One of the greatest attributes of modern edtech is its deployment in a variety of settings. Whether in-class or at home, educational portals brimming with content provide teachers and students alike with a variety of methods to teach & learn. It is this accessibility that meant that in a matter of days, kitchen tables and living rooms became the classroom for thousands of students during the pandemic. This presented a new and exciting opportunity for parents to engage with their child’s education like never before.


Technology is able to break down the barriers between parents, teachers and staff, allowing a free flow of communication, which we all know to be vital in a child’s education. Finding that blend between school life and home life is pivotal to guarantee that both are areas where children feel comfortable to learn, to ask questions and to engage with the material. 


For an example of this integration between schools and parents that utilises technology, we can look at Shireland Technology Primary. Shireland actioned a plan that transformed the ways in which communication with parents was handled by integrating SMART technology throughout their education programme, both through interactive displays or the SMART online portal ‘Lumio’. This means that all content and resources that were being taught throughout the school were readily available to parents and students at home.


Going forward into term

With this information, teachers can go into the new term with the goal of building out  students’ wider support network by setting out goals for the year early on, so that parents know exactly where the focus of their child’s learning is headed and can contribute.


Parents know, just as well as teachers, that students need increased support following the disruptions of the past few years. To place this responsibility solely at the feet of teachers means that a student’s learning is put on pause at the end of every school day. Through an increased relationship and connection between teacher and parents, students can be guaranteed a consistent support system, home and in-school, that helps them engage with the curriculum through enjoyable educational technology.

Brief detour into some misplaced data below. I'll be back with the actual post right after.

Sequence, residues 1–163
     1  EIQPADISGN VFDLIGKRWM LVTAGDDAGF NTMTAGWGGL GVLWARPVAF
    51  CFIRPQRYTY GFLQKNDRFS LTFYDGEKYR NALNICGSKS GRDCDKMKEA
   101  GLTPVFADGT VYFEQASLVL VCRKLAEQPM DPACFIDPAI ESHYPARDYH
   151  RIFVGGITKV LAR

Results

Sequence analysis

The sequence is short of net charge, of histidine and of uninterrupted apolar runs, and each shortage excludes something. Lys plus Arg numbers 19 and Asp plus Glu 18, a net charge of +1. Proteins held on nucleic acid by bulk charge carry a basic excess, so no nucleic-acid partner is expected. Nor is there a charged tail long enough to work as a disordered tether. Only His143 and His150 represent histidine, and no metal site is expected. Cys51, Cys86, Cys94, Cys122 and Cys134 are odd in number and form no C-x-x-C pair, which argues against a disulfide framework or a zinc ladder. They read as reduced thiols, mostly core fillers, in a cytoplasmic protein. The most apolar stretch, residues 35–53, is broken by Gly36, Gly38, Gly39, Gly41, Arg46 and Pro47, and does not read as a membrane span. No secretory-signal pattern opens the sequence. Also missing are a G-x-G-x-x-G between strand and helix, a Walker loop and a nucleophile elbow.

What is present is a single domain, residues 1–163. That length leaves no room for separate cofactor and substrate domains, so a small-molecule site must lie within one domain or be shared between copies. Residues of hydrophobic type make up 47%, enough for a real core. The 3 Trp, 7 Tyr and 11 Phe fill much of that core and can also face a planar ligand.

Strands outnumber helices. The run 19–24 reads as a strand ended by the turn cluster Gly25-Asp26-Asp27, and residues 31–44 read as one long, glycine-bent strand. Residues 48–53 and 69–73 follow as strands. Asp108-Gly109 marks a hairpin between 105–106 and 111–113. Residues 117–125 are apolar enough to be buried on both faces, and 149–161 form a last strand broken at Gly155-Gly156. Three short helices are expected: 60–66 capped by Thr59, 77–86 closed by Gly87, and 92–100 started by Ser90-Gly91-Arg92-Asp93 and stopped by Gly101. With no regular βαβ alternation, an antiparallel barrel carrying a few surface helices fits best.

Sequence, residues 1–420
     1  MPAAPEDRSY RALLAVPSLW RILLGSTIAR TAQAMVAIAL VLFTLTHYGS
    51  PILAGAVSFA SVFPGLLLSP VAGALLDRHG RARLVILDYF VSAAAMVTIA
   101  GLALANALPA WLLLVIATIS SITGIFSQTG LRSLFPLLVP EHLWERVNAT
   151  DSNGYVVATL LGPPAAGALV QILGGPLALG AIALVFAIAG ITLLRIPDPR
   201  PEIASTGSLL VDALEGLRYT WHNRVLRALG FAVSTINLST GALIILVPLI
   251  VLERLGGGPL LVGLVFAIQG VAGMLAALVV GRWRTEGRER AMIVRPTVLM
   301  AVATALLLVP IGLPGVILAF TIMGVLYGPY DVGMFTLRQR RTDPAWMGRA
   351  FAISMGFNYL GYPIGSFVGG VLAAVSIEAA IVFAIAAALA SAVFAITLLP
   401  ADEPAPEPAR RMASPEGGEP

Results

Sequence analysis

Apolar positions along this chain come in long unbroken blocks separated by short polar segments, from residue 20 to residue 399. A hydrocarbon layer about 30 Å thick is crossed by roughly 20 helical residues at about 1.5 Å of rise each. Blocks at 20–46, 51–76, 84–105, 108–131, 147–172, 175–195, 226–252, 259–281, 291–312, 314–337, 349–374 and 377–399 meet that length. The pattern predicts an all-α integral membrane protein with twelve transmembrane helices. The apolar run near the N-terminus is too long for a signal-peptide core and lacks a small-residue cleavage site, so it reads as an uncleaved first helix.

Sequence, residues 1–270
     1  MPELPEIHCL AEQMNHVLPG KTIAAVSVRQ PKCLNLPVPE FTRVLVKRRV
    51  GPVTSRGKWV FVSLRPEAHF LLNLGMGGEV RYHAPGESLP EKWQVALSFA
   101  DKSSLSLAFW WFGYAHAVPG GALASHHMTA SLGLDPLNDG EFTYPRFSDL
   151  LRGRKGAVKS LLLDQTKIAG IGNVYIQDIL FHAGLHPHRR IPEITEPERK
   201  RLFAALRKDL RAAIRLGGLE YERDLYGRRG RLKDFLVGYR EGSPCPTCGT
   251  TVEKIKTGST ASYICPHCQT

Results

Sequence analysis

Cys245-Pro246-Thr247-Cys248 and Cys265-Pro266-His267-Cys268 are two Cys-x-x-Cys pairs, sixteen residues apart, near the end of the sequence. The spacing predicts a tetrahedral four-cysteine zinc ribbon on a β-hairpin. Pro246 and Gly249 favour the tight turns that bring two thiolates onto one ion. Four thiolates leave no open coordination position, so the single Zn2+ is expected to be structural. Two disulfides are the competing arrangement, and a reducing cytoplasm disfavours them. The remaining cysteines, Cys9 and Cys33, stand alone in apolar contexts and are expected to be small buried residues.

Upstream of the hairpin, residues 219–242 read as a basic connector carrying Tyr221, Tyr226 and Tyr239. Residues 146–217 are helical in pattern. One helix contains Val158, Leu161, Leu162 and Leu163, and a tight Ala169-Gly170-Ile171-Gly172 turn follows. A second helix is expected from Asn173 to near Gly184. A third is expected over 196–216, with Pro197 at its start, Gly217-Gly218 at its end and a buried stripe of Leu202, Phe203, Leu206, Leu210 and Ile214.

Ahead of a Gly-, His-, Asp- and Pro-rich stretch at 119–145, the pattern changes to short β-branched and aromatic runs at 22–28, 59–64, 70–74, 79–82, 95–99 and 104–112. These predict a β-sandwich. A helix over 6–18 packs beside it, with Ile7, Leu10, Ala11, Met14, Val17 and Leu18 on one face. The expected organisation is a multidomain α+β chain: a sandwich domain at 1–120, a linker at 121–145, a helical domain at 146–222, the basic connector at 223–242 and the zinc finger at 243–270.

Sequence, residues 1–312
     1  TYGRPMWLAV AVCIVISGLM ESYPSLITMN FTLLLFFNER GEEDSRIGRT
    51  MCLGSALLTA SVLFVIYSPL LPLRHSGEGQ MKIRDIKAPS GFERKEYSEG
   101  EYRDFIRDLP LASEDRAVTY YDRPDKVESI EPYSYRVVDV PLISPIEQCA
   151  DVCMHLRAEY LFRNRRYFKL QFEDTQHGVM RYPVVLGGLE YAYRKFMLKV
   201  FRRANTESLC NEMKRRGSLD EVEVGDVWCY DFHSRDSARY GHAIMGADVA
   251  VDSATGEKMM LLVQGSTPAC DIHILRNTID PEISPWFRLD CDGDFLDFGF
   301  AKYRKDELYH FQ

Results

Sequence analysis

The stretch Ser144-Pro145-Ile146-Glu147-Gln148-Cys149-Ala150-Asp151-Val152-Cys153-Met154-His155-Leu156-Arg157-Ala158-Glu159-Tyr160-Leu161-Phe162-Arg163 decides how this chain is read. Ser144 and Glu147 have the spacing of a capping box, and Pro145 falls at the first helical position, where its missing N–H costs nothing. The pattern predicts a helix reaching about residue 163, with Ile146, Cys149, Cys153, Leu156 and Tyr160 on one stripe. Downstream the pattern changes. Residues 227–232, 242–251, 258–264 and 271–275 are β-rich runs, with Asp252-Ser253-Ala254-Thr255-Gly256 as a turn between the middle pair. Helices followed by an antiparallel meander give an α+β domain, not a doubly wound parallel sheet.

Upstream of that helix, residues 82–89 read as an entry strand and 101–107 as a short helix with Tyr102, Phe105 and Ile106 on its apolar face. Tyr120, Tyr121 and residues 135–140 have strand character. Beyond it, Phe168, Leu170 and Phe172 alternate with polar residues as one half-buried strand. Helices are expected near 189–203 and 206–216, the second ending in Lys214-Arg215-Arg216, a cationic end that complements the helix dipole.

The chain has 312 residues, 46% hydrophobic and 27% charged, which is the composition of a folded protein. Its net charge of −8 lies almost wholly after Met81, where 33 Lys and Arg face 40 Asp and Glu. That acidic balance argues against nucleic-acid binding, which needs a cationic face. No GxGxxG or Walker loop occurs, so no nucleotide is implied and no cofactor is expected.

Early trials of automarking software for maths papers indicate 99% accuracy

Automarking software developed by Cambridge AI company, Blutick, achieves 99% accuracy across marks in two GCSE papers when checked by a human marker.

Ofqual research suggests that, in maths, 30,000 students (4%) receive a mark which does not align with the ‘definitive grade’ given by the principal examiners. However, following a successful trial, an automated marking tool developed by Blutick was found to be 99% accurate when assessing scripts across two GCSE exam papers. This is an important step in helping to significantly reduce any margin of error, and ensure students receive the grades they deserve. 

Blutick is a Cambridge AI software company focused on teaching, learning and assessment in maths. The organisation is currently working with exam boards to improve marking consistency by augmenting and supporting the work done by examiners, and ultimately, champion a fair system for all students.

Once the automated marking was conducted across the exam papers, an examiner reviewed the students’ responses and the Blutick mark, correcting any marks where necessary and returning an accuracy rate of 98.6% to 98.75% by the AI software.

Currently, a sample of only 1.2% of questions are double marked (Ofqual 2018, p. 9). However, a 2013 review of literature on marking reliability research by Ofqual indicates the value of multiple marking for exam scripts. Despite this, it raises the recruitment of examiners, cost implications, time constraints and logistical issues as barriers to its introduction across the board. With other experts also disputing the accuracy of the current examination and grading system, this new automated marking software would help remove these barriers and challenges, increasing the feasibility of multiple marking.